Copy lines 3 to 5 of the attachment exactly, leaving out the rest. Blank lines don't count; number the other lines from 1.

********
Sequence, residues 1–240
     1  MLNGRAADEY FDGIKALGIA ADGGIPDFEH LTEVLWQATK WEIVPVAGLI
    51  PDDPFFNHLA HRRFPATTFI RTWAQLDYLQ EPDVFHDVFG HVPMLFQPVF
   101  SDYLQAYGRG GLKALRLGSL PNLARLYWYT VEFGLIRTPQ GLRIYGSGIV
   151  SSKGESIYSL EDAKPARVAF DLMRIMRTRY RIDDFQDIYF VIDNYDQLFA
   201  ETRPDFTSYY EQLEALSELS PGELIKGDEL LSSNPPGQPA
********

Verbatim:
    51  PDDPFFNHLA HRRFPATTFI RTWAQLDYLQ EPDVFHDVFG HVPMLFQPVF
   101  SDYLQAYGRG GLKALRLGSL PNLARLYWYT VEFGLIRTPQ GLRIYGSGIV
   151  SSKGESIYSL EDAKPARVAF DLMRIMRTRY RIDDFQDIYF VIDNYDQLFA